The story of Dr. Dasse Pt. 1

The humbling of Dr. Dasse, pediatric cardiologist.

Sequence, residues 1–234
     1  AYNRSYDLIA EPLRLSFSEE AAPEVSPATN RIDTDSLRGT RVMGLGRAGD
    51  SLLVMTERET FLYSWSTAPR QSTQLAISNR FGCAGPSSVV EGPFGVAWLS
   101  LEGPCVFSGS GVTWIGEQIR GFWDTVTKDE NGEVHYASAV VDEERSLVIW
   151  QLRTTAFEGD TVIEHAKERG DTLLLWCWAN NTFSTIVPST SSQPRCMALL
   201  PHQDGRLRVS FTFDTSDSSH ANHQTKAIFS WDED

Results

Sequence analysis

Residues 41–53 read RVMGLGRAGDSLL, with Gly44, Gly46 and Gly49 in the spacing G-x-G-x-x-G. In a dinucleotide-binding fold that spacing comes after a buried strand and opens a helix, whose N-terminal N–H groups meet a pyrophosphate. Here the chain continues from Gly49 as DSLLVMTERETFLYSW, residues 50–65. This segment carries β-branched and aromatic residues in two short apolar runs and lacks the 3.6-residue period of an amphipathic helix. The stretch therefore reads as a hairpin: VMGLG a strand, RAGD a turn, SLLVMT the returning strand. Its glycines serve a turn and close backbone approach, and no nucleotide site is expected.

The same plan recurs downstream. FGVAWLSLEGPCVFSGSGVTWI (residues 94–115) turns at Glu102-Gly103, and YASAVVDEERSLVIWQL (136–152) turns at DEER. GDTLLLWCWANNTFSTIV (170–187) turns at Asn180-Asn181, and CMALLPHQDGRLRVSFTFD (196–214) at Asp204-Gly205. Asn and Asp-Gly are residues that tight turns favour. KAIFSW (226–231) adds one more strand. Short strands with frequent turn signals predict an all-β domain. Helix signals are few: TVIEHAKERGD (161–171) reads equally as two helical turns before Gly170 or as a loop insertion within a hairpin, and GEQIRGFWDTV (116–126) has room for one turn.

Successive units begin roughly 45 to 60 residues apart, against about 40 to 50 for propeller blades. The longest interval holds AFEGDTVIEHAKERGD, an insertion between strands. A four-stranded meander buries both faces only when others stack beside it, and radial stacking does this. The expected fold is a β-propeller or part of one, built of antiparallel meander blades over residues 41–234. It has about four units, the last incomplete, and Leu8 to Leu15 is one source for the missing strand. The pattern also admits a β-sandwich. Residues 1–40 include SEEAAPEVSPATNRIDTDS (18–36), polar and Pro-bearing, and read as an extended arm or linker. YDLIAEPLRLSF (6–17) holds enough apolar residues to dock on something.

People look at this here Dr. Dasse, and they say, how is it that you ended up here in a concrete enclave underneath a freeway with the cars rolling past, disrupting your every moment with the swish-swash of their rubber tires, with the clankety clank of their various undercarriage mechanicals. The way you tend to the wounds of your shaggy street-dwelling brethren, well, seems you really know what you're doing. Why, when you stitch a wound there ain't even a scar! And I say, well, first off, you need to know that this here doctor-boctor is a real genuine PhD doctor of the medical profession. I'm talking four years of undergrad, six years of med school and many more years of residency at a state sanctified hospital. Then I'm talking another fifteen years as a practicing pediatrician and pediatric cardiologist surgeon! Still, they say,  how did you end up here in the shadows and the grimes, slinking along with those cast off by society due to their inability to speak proper words in a proper syntax? These folks who want to story a tell when everybody would rather they tell a story. Well, unscramble their words, unscramble their point of view, and then lay it out flat. And why don't you engage with them and have a different point of view for a second? It ain't going to hurt you to acknowledge that your money's fictitious. You know it'll pop right back into reality the second you walk away with them jangling coins in your pocket with them long dead presidents on 'em. Might as well click that little coin between your teeth to make sure it ain't fool's gold. But you won't hear a click. You'll hear the crack of a whip! Check the back of your pants up top and they'll be wet with blood, brother/sister. Cause who'd the whip nip today? You! That's right, it goads you into your office, your email inbox, the conference room with stale donuts in the middle of the table that shine there like mana from heaven cause your soul is JUST THAT STARVED.